The Endothelial–Erectile Dysfunction Connection: An Essential Update


  • Carla Costa PhD,

    Corresponding author
    1. Faculty of Medicine of the University of Porto, Department of Biochemistry (U38-FCT), Porto, Portugal;
    2. Faculty of Medicine of the University of Porto, Laboratory for Molecular Cell Biology, Porto, Portugal;
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  • Ronald Virag MD

    1. Centre d'Explorations et Traitements de l'Impuissance (CETI), Paris, France
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Carla Costa, PhD, Faculty of Medicine of the University of Porto, Department of Biochemistry (U38-FCT), Porto, Portugal. Tel: +351 225513654; Fax: +351 225513655; E-mail:


Introduction.  The endothelial monolayer plays a crucial role in the vasodilation and hemodynamic events involved in erection physiology. Due to its relevant functions, a close link has been established between endothelial integrity and erectile dysfunction (ED). Endothelial dysfunction is induced by the detrimental actions of vascular risk factors (VRFs), identified as common correlates for the development of cardiovascular disease and ED. It is currently recognized that ED is the early harbinger of a more generalized vascular systemic disorder, and, therefore, an evaluation of endothelial health in ED patients should be of prime relevance. Several noninvasive methods for endothelial function assessment have been proposed, including the Penile Nitric Oxide Release Test (PNORT).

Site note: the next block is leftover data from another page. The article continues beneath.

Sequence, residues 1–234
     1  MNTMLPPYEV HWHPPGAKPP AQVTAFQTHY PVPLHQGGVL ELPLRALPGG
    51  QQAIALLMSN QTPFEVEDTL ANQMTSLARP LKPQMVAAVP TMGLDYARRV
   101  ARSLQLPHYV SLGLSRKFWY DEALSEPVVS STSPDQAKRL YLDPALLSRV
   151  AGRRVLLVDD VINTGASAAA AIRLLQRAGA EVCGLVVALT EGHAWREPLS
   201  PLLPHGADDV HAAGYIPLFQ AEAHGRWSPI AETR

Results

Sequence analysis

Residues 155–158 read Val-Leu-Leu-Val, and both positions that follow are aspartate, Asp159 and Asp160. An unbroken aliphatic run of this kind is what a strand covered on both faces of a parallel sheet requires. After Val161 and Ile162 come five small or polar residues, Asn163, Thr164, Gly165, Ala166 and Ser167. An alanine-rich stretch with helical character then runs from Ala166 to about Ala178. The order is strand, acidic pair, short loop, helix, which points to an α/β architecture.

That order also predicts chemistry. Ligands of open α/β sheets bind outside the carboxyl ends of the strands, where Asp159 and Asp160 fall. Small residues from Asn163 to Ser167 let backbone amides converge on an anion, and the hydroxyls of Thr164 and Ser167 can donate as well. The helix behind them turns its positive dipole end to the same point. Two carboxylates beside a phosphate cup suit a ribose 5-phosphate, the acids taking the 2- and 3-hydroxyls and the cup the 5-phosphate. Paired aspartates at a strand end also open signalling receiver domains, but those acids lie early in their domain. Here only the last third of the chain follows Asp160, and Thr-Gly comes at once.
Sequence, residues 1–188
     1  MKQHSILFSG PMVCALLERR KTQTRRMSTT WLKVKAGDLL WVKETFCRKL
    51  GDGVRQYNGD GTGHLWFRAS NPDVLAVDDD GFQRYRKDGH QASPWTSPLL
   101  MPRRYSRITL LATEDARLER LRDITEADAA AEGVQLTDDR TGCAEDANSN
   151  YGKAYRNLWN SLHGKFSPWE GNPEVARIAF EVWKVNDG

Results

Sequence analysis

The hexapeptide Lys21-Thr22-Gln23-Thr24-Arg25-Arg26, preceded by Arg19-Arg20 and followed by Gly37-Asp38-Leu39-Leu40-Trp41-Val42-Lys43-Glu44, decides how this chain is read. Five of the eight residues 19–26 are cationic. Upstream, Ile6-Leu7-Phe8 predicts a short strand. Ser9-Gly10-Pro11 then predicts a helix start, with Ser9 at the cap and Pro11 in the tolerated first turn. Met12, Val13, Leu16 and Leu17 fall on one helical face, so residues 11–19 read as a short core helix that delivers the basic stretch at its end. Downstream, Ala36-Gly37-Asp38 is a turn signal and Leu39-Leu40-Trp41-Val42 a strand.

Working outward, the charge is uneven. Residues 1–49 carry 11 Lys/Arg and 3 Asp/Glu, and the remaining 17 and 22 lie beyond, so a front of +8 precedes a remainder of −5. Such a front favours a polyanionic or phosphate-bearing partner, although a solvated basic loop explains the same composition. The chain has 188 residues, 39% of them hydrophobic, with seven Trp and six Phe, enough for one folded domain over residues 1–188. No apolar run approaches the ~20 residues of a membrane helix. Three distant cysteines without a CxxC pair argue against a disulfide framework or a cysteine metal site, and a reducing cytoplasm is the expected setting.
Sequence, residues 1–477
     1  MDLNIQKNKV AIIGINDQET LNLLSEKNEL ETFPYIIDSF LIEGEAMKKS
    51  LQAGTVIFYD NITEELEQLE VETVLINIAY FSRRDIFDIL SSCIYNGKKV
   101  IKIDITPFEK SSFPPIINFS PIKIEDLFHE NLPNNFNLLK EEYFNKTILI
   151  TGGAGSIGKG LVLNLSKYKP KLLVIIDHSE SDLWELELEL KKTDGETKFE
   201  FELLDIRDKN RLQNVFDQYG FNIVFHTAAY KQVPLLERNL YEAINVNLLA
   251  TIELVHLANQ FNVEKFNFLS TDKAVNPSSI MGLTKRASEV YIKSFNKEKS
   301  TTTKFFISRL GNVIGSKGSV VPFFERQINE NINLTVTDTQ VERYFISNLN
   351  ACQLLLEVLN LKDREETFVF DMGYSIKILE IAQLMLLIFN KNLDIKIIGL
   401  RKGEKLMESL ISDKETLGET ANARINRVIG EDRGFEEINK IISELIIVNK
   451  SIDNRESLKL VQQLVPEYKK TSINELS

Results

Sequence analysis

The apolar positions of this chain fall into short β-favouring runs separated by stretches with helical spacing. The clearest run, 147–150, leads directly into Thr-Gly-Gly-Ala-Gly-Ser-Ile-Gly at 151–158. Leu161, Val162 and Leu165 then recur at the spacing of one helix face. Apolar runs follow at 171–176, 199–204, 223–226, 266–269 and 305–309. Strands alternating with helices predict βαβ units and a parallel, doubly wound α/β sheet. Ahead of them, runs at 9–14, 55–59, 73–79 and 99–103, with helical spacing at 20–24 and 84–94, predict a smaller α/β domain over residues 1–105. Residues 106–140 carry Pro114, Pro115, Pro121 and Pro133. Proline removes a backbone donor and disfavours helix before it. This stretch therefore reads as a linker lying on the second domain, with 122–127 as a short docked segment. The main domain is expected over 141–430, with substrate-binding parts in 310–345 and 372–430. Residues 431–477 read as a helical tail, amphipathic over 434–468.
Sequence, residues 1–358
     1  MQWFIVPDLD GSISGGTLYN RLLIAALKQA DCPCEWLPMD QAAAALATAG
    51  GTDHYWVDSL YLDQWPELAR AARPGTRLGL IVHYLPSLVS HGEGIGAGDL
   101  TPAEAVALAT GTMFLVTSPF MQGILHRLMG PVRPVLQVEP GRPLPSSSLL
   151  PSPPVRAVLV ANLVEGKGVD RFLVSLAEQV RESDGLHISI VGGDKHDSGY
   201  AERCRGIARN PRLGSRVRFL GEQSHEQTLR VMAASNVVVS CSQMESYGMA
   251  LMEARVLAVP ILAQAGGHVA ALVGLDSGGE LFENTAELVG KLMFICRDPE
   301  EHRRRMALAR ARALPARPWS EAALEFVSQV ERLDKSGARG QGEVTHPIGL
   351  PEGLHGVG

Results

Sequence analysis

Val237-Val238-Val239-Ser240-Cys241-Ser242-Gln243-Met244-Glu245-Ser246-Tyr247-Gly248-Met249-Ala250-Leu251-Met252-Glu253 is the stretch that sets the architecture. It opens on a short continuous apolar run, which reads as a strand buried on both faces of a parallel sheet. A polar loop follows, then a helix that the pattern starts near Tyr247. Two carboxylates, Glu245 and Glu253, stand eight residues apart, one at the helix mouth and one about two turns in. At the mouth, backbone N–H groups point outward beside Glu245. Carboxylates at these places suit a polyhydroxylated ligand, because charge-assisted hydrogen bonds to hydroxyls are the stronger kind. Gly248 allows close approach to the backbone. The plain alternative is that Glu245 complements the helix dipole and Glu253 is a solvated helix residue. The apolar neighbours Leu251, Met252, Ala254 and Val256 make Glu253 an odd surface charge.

Aim.  To highlight the most recent gathered knowledge on basic and clinical mechanisms underlying loss of cavernosal endothelial function promoted by VRFs and to discuss local and systemic methods for endothelial function assessment in ED individuals, focusing on the PNORT.

Main Outcome Measures.  A complete revision on the novel basic and clinical links between endothelial and ED.

Methods.  A systematic review of the literature regarding the aforementioned issues.

Results.  Risk factor-associated cavernosal endothelial dysfunction is mostly induced by unifying mechanisms, including oxidative stress and impaired endothelial nitric oxide functional activities, which present clinically as ED. Several techniques to evaluate endothelial dysfunction were revised, with advantages and limitations debated, focusing on our detailed expertise using the PNORT method.

Conclusions.  The established endothelial–erectile dysfunction connection was thoroughly revised, from basic mechanisms to the clinical importance of endothelial dysfunction assessment as diagnosis for generalized vascular disease. Further studies are required to disclose efficient approaches to repair disabled endothelium and both restore and prevent endothelial dysfunction. Costa C, and Virag R. The endothelial-erectile dysfunction connection: An essential update. J Sex Med 2009;6:2390–2404.